Kindly refer to the documents which portrays exactly the difference between the Arm architecture Armv7 to Armv8.
At least the overview of the changes in terms of advantages and disadvantages
Chris Shore has recently published a white paper Porting to Arm 64-bit which you might find useful.
A general point, Armv8-A has two execution states AArch32 and AArch64. Where AArch32 provides backwards compatibility with Armv7-A.
For something like porting it makes a lot of difference whether you mean Armv8-A AArch64 or Armv8-A AArch32.
Good question. I and probably most of the rest of the world thought Armv8 meant the 64-bit version of the instruction set and some system changes to support it. However the 64 bit instruction set is described by Aarch64 or as Linus prefers to call it Arm64. And then Armv8-R was announced and currently it only includes the 32 bit instructions. The defining part of Armv8 seems to be all the new system stuff - things like how interrupts are handled and the support for controlling access to shared memory areas. It introduces Aarch64 but does not require it. That at least is my reading of it all now.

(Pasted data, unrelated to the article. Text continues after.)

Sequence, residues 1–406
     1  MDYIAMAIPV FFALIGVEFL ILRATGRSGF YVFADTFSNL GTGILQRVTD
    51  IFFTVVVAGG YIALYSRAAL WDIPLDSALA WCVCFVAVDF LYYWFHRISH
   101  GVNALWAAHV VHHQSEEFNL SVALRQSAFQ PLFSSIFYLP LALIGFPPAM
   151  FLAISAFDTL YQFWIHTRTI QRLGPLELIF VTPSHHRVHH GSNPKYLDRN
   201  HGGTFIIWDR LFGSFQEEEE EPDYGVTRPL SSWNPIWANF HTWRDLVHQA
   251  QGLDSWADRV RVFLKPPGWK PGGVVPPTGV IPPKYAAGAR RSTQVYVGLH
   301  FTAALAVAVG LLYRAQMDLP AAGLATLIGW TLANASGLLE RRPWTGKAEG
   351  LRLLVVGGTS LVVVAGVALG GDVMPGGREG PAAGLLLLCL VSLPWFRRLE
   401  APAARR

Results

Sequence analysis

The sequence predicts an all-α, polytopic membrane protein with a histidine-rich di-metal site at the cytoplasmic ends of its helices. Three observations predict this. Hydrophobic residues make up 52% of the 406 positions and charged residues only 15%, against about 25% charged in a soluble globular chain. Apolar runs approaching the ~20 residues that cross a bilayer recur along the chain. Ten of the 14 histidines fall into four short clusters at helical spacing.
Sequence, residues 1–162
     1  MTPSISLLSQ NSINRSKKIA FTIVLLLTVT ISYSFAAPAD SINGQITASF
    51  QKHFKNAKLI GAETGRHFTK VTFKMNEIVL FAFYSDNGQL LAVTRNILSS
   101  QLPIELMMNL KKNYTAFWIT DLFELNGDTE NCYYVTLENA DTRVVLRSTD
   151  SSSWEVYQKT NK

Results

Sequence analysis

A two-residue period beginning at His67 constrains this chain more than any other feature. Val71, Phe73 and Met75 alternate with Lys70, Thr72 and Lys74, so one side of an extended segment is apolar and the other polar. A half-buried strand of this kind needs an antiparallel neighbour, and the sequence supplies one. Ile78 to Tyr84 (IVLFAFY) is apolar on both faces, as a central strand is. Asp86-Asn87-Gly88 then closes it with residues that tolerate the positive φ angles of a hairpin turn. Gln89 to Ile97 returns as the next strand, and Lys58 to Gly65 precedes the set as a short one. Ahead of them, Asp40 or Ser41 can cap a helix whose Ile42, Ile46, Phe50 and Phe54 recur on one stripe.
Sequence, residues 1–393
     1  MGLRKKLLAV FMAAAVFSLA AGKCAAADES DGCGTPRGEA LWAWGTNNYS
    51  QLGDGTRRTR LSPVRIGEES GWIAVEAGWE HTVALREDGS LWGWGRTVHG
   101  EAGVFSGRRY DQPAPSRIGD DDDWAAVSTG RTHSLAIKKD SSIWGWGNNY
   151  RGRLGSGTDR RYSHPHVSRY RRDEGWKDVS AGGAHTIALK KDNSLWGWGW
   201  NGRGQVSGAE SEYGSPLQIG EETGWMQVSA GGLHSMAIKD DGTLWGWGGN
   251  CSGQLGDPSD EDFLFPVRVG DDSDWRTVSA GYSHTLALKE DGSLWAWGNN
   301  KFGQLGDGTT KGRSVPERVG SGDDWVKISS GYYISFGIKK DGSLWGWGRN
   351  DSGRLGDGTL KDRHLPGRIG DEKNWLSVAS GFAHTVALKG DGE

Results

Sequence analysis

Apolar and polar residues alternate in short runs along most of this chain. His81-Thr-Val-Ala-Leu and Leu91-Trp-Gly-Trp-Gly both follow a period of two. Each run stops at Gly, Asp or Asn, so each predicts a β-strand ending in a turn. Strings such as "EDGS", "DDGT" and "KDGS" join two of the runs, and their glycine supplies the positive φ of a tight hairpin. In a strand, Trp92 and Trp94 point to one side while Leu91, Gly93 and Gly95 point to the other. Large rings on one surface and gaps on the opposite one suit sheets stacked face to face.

If my SOC runs the startup code in AArch32 mode, can I use the ARMv7-A startup for ArmV8-A aarch32 mode?
I see that ARMv8 is merely an extension of ARMv7 architecture and all code compiled on ARMv7 should run on ARMv8. I am interested in the backward compatibility of ARMv8 to ARMv7.
aarch32 does have new instructions added over ARMv7 however, most of them seem to be functionality that ARMv8 added and the designers decided to expose on aarch32. Therefore, aarch32 is not forward compatible with ARMv7, i.e., programs compiled for aarch32 might not run on ARMv7.
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Without getting into all the little details, the biggest change in that the newer version adds support for 64 bit. In plain English that means ARMv8 will let companies make phones that have 4 GB or more of RAM.
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